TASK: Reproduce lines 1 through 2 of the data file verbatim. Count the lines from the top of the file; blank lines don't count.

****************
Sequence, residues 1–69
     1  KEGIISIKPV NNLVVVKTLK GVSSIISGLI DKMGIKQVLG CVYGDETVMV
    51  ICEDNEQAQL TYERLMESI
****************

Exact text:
Sequence, residues 1–69
     1  KEGIISIKPV NNLVVVKTLK GVSSIISGLI DKMGIKQVLG CVYGDETVMV